Savers likely to be caught out by a maturing fixed rate bond

Business banking news review: week ending 10 Jan 2013

Financial experts warned this week that anyone with a maturing fixed rate bond will most likely be caught out when it comes to re-investment.

Banks and building societies have lowered the interest rates on their fixed rate offerings over the last few months, leaving anyone with an older loan reaching maturation with some rather poor choices when it comes to re-investing their hard-earned cash. Anyone with an existing three-year fix will be quite badly off, as the top earner three years ago, a 4.5 per cent pre-tax interest rate, is now replaced with a 2.8 per cent three year fix – a major reduction in return.

This 2.8 per cent offering from Virgin Money s, sadly, the best of a lacklustre bunch. Other providers such as Tesco and M&S Money are offering pre-tax rates of 2.5 per cent, and you’ll be lucky to get a 2.6 per cent three year fix from AA Savings – provided you have at least £25,000 to invest.

One year fixes are down on average from last year’s rates as well, with top deals from Tesco, Metro Bank, and Virgin Money coming in at 2.2 per cent, 2.25 per cent, and 2.4 per cent respectively all lagging well behind the 3.6 per cent deals available in January of 2012. Closest you can get is the 2.75 per cent rate on BM Savings’ newest one-year deal, though you’ll need £50,000 or more to qualify for such a ‘great’ interest rate, so good luck there.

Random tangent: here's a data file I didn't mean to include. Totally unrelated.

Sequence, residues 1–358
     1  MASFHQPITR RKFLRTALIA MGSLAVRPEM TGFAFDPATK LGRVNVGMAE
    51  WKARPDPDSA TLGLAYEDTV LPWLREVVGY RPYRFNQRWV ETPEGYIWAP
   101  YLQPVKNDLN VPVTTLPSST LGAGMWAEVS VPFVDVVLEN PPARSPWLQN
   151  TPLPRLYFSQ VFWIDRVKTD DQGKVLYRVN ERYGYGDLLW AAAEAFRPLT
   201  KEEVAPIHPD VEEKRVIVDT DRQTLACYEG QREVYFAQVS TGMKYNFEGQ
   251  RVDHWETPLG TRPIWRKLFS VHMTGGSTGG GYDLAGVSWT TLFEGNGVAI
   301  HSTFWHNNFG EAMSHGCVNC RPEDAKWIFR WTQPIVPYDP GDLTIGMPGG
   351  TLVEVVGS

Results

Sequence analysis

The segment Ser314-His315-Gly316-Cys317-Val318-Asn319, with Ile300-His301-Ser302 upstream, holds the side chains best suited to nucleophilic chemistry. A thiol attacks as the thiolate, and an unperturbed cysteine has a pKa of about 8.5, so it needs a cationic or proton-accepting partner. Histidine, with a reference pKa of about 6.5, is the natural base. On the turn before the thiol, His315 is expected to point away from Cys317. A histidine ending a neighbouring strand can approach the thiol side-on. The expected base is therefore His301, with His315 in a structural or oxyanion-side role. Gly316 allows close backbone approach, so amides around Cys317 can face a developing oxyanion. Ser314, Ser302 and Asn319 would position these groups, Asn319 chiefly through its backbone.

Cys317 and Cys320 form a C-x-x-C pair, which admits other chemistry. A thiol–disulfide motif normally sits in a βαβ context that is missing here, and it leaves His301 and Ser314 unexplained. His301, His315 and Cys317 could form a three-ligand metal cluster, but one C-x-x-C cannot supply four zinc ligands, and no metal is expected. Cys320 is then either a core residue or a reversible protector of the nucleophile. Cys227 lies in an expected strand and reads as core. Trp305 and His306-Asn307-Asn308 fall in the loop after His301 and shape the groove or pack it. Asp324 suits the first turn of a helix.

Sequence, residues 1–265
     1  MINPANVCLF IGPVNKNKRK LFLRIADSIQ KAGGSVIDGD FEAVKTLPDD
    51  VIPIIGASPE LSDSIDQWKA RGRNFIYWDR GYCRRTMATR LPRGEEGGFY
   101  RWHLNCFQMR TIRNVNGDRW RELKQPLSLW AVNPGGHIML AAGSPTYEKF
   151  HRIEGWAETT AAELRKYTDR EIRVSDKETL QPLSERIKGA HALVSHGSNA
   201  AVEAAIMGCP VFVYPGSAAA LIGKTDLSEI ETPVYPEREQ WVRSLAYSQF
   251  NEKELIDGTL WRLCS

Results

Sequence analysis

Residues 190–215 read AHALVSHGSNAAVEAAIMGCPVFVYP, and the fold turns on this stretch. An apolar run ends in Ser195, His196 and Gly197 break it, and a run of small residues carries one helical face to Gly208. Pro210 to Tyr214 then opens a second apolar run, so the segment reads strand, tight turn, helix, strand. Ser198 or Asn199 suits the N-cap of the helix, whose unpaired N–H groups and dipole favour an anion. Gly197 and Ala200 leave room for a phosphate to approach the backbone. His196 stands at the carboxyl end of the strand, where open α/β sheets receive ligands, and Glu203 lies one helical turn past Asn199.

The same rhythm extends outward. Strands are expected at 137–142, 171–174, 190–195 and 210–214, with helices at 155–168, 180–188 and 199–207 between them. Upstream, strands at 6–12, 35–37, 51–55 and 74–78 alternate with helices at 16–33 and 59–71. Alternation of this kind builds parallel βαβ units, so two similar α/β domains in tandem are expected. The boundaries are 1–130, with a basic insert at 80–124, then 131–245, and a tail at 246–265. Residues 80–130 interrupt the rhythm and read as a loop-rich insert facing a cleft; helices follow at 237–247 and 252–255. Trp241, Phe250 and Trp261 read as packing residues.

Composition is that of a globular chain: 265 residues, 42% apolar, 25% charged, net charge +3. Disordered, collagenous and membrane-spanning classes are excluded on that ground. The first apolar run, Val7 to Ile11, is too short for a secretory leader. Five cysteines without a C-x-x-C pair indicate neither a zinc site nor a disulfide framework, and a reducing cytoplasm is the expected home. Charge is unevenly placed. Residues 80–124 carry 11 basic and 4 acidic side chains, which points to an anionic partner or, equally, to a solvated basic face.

Two year fixed rate savings accounts are down from their 2011 levels as well, though there are no surprises here considering the state of the bond market either. Lucky savers could have earned as much as 3.65 per cent before taxes if they snagged a top-paying deal two years ago, but now they’d be hard pressed to find anything higher than 2.65 per cent on a new two year fix – and that’s only available through one lender, Saga, and only if you’ve got at least £25,000 to invest.

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